The Mongolian ger is a classic “building” that expresses Mongolian concepts of symbolism. Although gers have changed over the course of centuries, with the development of new materials for example, it has yet to change in one way.
It continues to exist in harmony with nature.
Many years ago Mongolians believed that if they surrounded their homes with fences, they would lose their freedom, and if they built their homes with stones, they would lose their connection to nature. No matter where you are in Mongolia — from the high mountains in the west to the hot sand of the Gobi in the south — you will come across a Ger of a nomadic family. They will welcome you with hot milk tea and a warm bed. And the next time you travel along the same road, they will probably have moved to another place.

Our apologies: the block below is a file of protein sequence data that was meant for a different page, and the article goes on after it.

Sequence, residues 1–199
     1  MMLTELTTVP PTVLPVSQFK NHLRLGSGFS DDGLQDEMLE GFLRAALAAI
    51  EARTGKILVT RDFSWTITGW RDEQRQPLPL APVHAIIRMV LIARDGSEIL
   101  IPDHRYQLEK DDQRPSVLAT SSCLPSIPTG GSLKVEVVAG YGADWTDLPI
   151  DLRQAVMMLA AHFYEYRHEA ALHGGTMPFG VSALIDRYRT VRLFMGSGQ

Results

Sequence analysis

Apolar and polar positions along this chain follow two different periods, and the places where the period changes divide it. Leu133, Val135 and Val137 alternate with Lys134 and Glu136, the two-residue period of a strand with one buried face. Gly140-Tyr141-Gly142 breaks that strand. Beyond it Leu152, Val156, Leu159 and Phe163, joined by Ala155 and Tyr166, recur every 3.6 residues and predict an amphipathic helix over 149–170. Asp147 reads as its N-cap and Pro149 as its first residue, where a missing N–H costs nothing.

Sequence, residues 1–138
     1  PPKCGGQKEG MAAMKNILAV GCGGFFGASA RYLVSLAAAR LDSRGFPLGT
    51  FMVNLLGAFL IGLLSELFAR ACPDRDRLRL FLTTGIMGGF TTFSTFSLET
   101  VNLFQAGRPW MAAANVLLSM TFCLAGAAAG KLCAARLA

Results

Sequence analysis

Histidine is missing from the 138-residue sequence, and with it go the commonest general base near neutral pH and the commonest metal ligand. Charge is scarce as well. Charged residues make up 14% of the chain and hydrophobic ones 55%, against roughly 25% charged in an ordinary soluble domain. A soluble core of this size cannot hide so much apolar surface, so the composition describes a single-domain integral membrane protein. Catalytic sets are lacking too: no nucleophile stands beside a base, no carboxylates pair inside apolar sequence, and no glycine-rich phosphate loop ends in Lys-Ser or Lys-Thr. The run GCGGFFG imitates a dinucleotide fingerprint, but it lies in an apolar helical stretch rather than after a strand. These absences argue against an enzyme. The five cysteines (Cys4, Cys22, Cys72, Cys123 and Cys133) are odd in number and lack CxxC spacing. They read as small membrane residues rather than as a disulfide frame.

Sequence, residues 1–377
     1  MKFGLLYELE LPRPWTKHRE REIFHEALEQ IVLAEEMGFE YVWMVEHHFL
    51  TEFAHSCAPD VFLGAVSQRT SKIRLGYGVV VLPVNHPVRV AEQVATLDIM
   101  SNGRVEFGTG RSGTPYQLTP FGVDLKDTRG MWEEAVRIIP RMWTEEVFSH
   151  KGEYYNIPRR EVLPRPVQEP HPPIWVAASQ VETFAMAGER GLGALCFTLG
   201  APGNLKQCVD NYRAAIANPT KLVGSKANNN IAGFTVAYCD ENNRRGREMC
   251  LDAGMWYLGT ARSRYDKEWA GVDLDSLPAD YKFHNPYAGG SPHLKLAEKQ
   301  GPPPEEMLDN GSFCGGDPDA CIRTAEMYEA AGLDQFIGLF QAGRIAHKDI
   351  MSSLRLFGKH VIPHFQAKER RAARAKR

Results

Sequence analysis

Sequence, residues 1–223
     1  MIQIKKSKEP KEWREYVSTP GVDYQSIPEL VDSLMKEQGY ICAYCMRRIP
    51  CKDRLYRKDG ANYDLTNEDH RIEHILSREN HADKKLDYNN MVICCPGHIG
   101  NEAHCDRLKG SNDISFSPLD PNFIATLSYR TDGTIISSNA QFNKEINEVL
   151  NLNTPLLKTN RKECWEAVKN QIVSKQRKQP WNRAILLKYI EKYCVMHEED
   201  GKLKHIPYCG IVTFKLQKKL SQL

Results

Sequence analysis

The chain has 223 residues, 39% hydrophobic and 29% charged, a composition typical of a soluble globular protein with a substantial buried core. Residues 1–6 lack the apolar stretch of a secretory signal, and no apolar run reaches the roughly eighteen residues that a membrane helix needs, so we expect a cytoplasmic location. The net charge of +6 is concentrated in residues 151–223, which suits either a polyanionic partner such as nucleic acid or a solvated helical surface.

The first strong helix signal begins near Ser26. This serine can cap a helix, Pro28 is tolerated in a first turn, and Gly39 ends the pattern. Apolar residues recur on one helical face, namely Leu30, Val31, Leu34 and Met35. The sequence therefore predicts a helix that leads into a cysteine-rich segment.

There is an ancient custom of facing the door of a traditional Mongolian Yurt Ger south — so it can get as much sun as possible. The interior parts of a Ger have their own place per customs as well. For example, saddle, bridle, hobble and airag sack are placed on the right side of the Ger. This is also the side where the man’s accessories such as snuff bottles, knife, wrestling costume, and fur are kept indicating it is his side. The left side of the Ger is considered the woman’s side with the items such as milking buckets, water tank, and a bedside trunk where fine accessories and clothes, thread and needles for sewing are kept.
The biggest Ger ever built was at Erdenezuu monastery in 1658. It is estimated this ger, named Bat-Ulzii, was 9 meters in height and 20 meters in diameter. The base of the Ger remains inside the Erdenezuu monastery walls to this day.